Banco Santander Santiago (SAN), previously known as Banco Santander-Chile, is the largest private bank in Chile (total assets of Ch$14,843 billion or US$27.8 billion at yearend 2006) and is 77% owned by Banco Santander Central Hispano, the largest bank in Spain. The company, formed by the 2002 merger between the former Banco Santander-Chile and Banco Santiago, offers both corporate and retail banking to its client base, and has roughly a 22% market share in loans and deposits. The bank provides a full range of financial services to corporate and individual customers through two major business units: Retail Banking and Wholesale Banking. Banco Santander Santiago offers Chilean peso and foreign currency-denominated loans (which finance a variety of commercial transactions), trade financing, foreign currency forward contracts, credit lines, and retail banking services, such as mortgage financing. In addition to its traditional banking operations, Santander extends a range of financial services, including financial leasing, financial advisory services, mutual fund management, securities brokerage, insurance brokerage, and investment management. The bank's clientele varies from large corporations to lower middle-class individuals.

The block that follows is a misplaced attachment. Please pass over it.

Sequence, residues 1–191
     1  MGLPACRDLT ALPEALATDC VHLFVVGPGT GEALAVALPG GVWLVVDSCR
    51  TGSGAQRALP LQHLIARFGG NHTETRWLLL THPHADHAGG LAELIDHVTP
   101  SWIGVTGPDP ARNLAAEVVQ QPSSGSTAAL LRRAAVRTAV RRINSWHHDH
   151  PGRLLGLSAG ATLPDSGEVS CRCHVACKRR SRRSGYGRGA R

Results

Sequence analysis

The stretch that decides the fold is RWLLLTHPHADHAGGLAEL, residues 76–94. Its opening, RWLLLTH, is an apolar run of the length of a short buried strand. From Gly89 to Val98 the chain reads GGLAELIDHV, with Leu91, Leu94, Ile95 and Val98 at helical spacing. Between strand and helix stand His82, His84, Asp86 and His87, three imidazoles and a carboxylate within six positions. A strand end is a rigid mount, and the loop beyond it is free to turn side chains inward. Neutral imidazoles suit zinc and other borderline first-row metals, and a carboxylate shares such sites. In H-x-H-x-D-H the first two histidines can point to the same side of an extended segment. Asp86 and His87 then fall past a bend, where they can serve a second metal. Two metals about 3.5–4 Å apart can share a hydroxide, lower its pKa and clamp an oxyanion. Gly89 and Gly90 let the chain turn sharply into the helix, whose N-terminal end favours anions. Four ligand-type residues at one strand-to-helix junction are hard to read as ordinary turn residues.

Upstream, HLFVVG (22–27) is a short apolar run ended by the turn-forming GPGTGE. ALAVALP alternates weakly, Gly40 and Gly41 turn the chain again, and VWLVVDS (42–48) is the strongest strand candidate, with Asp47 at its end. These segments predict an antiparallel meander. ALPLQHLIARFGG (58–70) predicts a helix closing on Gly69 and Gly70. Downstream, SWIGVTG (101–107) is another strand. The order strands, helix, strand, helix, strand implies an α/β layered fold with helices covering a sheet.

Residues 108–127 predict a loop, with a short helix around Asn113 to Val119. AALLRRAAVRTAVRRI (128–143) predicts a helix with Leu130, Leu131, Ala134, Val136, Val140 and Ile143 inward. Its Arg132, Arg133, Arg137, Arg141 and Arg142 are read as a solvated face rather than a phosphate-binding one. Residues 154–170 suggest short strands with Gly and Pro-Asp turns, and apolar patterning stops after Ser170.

In 2006, 78% of net revenue (total revenue less interest expense) of Ch$790 million (US$1.5 billion) was generated from interest-bearing sources, while the remaining 22% of net revenue came from fee-based and other non-interest sources. Santander, the largest bank in Chile in terms of total deposits and loans, also boasts of the largest distribution network in the country with 397 branches and 1,588 ATMs at yearend 2006. As of December 31, 2006, Santander's total asset base stood at Ch$14,843 billion (US$27.8 billion), total deposits at Ch$9,392 billion (US$17.6 billion), loans outstanding net of reserves at Ch$11,615 billion (US$21.7 billion), and shareholders equity at Ch$1,245 billion (US$2.3 billion). Santander is the highest credit-rated Latin American bank. Currently, Santander s credit ratings are A by Standard & Poor's, A by Fitch, and Aa3 by Moody's (recently upgraded from A2 following a change in rating methodology).